May 8, 2009
Moving back to Delhi has meant that I now watch TV that is not Balika Vadhu and Bigg Boss. My mother usually has FRIENDS turned on when I get home. These days, Star World is showing the final season again. And this made me realise…
So FRIENDS wrapped up in 2004, right? And in the last few episodes Chandler and Monica buy a house in the suburbs and move there with two newly adopted infants. Hmmm.
So basically they bought a house in the suburbs at what was almost the peak of the housing bubble. And now the housing bubble has collapsed. It’s possible that their mortgage is underwater and they owe more than the house is worth. Not only that, they have to pay for kids. But even worse than that, look at their jobs. Chandler is in advertising, which is the first thing that gets hit in a recession. And Monica is a chef and relies on people putting discretionary expenditure, which is also just not happening in these harsh times. Unemployment therefore looks very likely. And they live in New York, where health insurance is very much employer-dependent (my uncle is avoiding early retirement for this very reason). So, to summarise:
- they’re paying much more in EMIs than their house is worth
- they’re probably unemployed
- and they have to take care of two small children
Their lives are truly miserable. Which means that there is actually hope for them – they now have a bright chance of getting on to a show on Colors.
September 27, 2008
Yesterday, Skimpy forwarded me this link, and immediately changed his tagline to “2 dollars. Why didn’t I bid for Lehman Brothers?”. This sparked the following conversation.
me: Look at it this wat
$2 = 93 rupees
with that you could buy a hummus and pita bread
and have some change left over
would you be happier owning Lehman?
Karthik: 11 11
me: or having hummus and pita bread
The original inspiration for using Lebanese fast food as a standard store of value came from this profound post by Kunal. Please read it.
Later on in that conversation, I brought up employee buyouts. But things quickly took a scatalogical and American-beer-bashing turn:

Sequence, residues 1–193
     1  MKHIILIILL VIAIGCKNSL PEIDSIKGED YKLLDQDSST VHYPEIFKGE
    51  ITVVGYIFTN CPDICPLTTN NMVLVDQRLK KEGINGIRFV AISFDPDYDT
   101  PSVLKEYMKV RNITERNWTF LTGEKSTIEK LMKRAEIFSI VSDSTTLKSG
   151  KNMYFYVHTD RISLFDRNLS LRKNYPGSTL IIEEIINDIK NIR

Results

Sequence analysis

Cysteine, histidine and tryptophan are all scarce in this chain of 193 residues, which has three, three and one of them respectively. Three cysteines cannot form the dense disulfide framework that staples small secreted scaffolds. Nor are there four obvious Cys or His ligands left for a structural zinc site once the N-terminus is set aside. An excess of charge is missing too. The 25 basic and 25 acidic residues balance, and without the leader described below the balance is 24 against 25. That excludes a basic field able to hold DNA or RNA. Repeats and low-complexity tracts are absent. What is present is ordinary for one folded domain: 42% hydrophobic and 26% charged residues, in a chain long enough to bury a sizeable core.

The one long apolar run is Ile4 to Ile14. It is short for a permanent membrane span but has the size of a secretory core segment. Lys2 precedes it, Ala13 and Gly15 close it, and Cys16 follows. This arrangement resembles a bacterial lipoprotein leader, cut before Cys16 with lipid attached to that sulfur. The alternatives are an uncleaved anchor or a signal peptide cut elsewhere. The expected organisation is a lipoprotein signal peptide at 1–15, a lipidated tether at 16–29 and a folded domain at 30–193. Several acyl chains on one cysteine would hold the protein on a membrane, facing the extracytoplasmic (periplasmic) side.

me: you know
at two dollars, why didn’t the employees buy Lehman?
would’ve beenfight to split the cost da
2K people together put together 2$ => each guy pays 0.1 cent
how do they pay that to each other?
me: in beer
Karthik: dei you don’t even get half a glass of beer for 2$
so what? each guy contributes a drop or what?
me: or they can deduct it from their PF
American beer is piss
me: each Lehman Europe banker contributes one drop of piss
that’s tough too
just one dro
me: sells it to Dick Fuld as Budweiser
It’s not that tough. They can use droppers or something.
September 17, 2008
In addition to ITC and UB becoming employers of choice, one further consequence of the investment banking meltdown is that Chetan Bhagat might soon be unemployed.
I can’t decide if this is good or bad. On the one hand, unemployment might mean he would start writing full time, and we would face the horrific prospect of a new Chetan Bhagat book every year. The horror!
On the other hand, it might force him to actually get a real and respectable job, like becoming a traveling salesman for Fair and Louwly in Coastal Andhra and South Andhra. True, he would probably be completely out of his depth at honourable work, but I’m sure even Chetan Bhagat can learn. And if that happened, he would have no time to write, thus sparing us all.
I feel that the pessimistic case is more likely, for the very reason I mentioned yesterday: in a depression, the vice economy does well. There is a lot more pain ahead.